That letter came on March 1 of this year, telling her she needed to be out by April 1. “I’m a single mom with two kids, and I was in the midst of my dance season, so it was really hard. And I had grown up dancing in that building, so there were emotions, too.”
She pushed the owner for six weeks instead of four — actually, “I begged,” she said — and was granted the extension. Through those six weeks, Kohl had the first floor of the new location renovated, and after classes began there at the end of May, she went to work on the top floor.
“It definitely wasn’t move-in ready,” she said — but no classes or programs were ever interrupted. “We had our last class in South Hadley the Thursday before Memorial Day, and our first class here the Tuesday after Memorial Day. It was very stressful, but this community had my back. They all came out on moving day. I never was alone, and that’s a testament to what this community is and who the people are.”
The new, 6,000-square-foot Ohana — more than doubling the 2,600 square feet available in South Hadley — includes three large studios, one of them handicapped-accessible; a ramped entrance and restrooms are also ADA-compliant.
“I want to make sure this is a place where everyone feels welcome,” Kohl said, but that sentiment extends beyond disabilities. “We have kids as young as 18 months, and adults as old as … well, anyone who wants to come and be a part of it. I think the biggest thing is that everyone feels accepted, and they feel comfortable and not intimidated, and everyone gets to perform.”
Why take up dance? Kohl says people have different reasons — but everyone dances anyway, in some form or another. “Maybe we don’t admit it or go to dance class, but we all feel music in our body, no matter who we are.”
Popular TV shows like So You Think You Can Dance, Dancing with the Stars, and America’s Got Talent have made dancing even more mainstream, but a little intimidating at the same time, she added. “People think, ‘I can’t do that. I can’t dance like that.’”
At the same time, though, she believes dancing makes people happy — and she wants to provide an outlet where they can do that in a non-intimidating way.
“You can be part of something where you feel like you’re accepted, where you’re loved and supported, where you can exercise and release the tension of the day in a positive place. There aren’t many places you can go and just feel free and feel like you can let go and find a happy place.
“It’s not for everyone,” she admitted. “But the main thing is, whether you say you dance or not, you do in some capacity. And to be able to come to a place that’s safe and happy and positive and loving is really cool.”
Kohl is protective of those positive vibes, too — and won’t tolerate negative or disrespectful behavior.
“If you come in here and bring your dark stormcloud — granted, we all have bad days, and we’re here to lift you up,” she told BusinessWest. “But if you are going to talk about people or treat people unkindly, I will ask you to leave. This is a very safe, happy place, and I am serious about keeping it that way.”
Kohl said she was bullied growing up, but finally felt like she belonged when she attended high school at Pioneer Valley Performing Arts, a place where people finally ‘got’ her passion for dance. It was, in short, the safe space that public school was not.
“Not every kid has that,” she said. “Maybe home isn’t safe. Maybe school isn’t safe. But I know — I guarantee — when you come here, you’re safe. Whether you’re an adult in a really bad marriage and home isn’t safe, whatever it may be, I hear from people that they come here, and they feel happy.”
That’s especially notable in a dance world that can admittedly be catty, cutthroat, and competitive, she added. “And there’s a time and place for that if you want to be on Broadway, but that’s not what this is. We don’t compete in dance competitions. We do it for the love.”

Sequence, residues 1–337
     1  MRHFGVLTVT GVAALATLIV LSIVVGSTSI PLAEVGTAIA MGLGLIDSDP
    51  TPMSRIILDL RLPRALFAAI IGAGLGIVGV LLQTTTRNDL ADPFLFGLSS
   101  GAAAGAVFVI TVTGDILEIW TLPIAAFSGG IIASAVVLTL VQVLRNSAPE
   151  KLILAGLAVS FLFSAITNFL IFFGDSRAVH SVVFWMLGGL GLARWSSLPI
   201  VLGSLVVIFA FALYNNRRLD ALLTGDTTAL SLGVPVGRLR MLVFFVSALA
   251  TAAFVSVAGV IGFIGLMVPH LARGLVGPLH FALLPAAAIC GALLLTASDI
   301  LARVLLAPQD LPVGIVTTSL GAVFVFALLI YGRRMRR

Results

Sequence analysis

It starts with the love of family — her mother still runs a dance store in the studio, and it’s her handwriting that forms the Ohana logo on the walls — but now extends to 300 students, 11 teachers, seven assistants, and one full-time employee, all of which have the potential to increase in this much larger space than Newton Street allowed.
Still, the transition was scary at times. “The whole time I was terrified, but my faith was stronger,” Kohl said. “I knew if it was meant to happen, it would. What’s the worst thing that could happen? It fails? Then I move on.”
As it turns out, she just had to move a few miles away. “It’s fulfilling, and it’s more than a dance studio — it’s people’s second home,” she went on. “I feel humble and grateful, but I’m proud of it because I don’t feel there’s enough of this energy in the world.”
Living the Dream
It’s safe to say Kohl has plenty to do in the new studio, but one goal down the road is to expand community outreach programs. Already, Sunshine Village residents take classes on Fridays, a Westfield program for adults with disabilities will be starting up on Thursdays, and instructors teach dance at the senior center in South Hadley as well. She’d like to do more of the latter — “bringing those vibes and energy and dance to people where they are. That’s the next step.”
Meanwhile, she promotes the spirit of the studio through programs like Wingman for Dance, which teaches students about kindness, self-acceptance, diversity and inclusion, giving back, and community service. Speaking of giving back, students also present annual charity performances to support local nonprofits, and Kohl founded One Ohana Inc. a registered 501(c)(3) organization that awards scholarships to dancers of all ages and abilities throughout the Pioneer Valley.
She’s passionate about all of it, because, well, life’s too short not to be.
“I was born with something inside me that I have to pursue, and if I don’t, then it’s going to be buried in a cemetery somewhere, and no one will ever know what would have come of it,” she told BusinessWest. “And look at this now. I found my passion — to bring not just dance, but joy to people’s lives.
“I’m not going to die with my passion inside me,” she went on. “I’m going to make a difference and inspire people. I have a humble house, and I’ll probably never be rich, but in my heart, I’m so full.”
Joseph Bednar can be reached at [email protected]